Returning To Kids Sport In A Post-COVID World

A fit young boy with a sports soccer ball

We may not be completely in a post-COVID world just yet, but it would be reasonable to say that the worst of it is behind us. In the last few years, there have been deaths, illness, lockdowns, curfews, masks, and non-stop media bulletins with bad news after bad news. Its been a rough time for adults, and not to mention our children, who, like us, have suffered physically as well as mentally.

So what has been the physical impact of dealing with the worst pandemic in a lifetime over the past 24 months on our children? And how do we foster a healthy return to their regular community sport? Let’s take a look.

1. Decreased Strength

With the majority of kids' sport cancelled and greatly reduced over the past two years, the opportunities for kids to exercise their muscles has been limited.

This is concerning because for children's muscles to grow and become stronger, they need to be used regularly. Unfortunately, when muscles are continually disengaged, the muscle tissue deteriorates in both size and strength, which is known as muscle atrophy.

2. Increased Injuries

As a child’s muscles become weaker due to inactivity, and are then suddenly thrust back into constant sport again, the risk of injury skyrockets. Many parents have reported initial soft-tissue and joint injuries over the first few weeks of their child returning to organised sport.

On top of the pain associated with injury, the increased time an injured child must spend on the sideline, being unable to train and develop new skills, puts a child even further behind in their projected motor skills development.

3. Decreased Skills Development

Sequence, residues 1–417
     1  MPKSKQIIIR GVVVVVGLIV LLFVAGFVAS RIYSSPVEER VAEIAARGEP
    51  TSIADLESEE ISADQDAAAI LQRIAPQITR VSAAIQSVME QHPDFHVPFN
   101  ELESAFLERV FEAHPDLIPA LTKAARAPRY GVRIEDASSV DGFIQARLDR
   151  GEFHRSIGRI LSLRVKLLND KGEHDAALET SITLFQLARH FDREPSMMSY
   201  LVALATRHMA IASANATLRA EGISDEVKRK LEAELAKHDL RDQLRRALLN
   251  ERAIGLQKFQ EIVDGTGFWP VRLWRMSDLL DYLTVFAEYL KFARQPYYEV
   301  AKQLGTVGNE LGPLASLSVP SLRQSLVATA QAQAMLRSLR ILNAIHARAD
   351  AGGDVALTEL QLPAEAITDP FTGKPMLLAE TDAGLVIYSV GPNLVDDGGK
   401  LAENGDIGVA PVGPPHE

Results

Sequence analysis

The formative years from 5-12 years old are crucial to developing the necessary skills base, within a sport, to give children the foundation and confidence to continue to participate. Without training sessions, coaches, and other team members, our children have suffered a set-back in their motor skills development, confidence and their ability to work within a team.

Overall, the pandemic has caused a major set-back in our children's sports skill-set.

4. Psychological Impact  

There is little doubt that COVID has had an impact on our children’s mental health. Although it may not be immediately noticeable, the constant pandemic related fear circulating within the community, has resulted in an increase in stress, anxiety, depression, and overall negative emotions in the youth of today.

Compare this state of mind to the headspace that is necessary for a child to excel in sporting events, such as feeling confident, assured, and undistracted, and it becomes evident that unfortunately some children will struggle.

What Can Parents Do?

How can parents prepare their child for the challenges of returning to sport? Kid’s gymnastic rings, as an at home physical exercise activity, can provide the solutions to many of the issues that children will face as they step back in to sport.

  • They allow for simple, yet effective body-weight training in a safe environment for muscle development.
  • They strengthen the muscle tissue and joints through regular compound and ‘everyday’ movement which translate individual and team sports.
  • They are naturally unstable which assists a child’s body balance and co-ordination, the two key ingredients for skills development.
  • They are challenging but also fun, with a range of exercises to build a child’s confidence and self-esteem, which are both needed for the pressure of competitive sport.

Kid’s sport is one of the most beneficial physical and mental development activities that a child can participate in for their overall development into adulthood. Although the COVID pandemic has temporality prevented this, there is no reason to not put the work in and make up for lost ground for our children’s sake.

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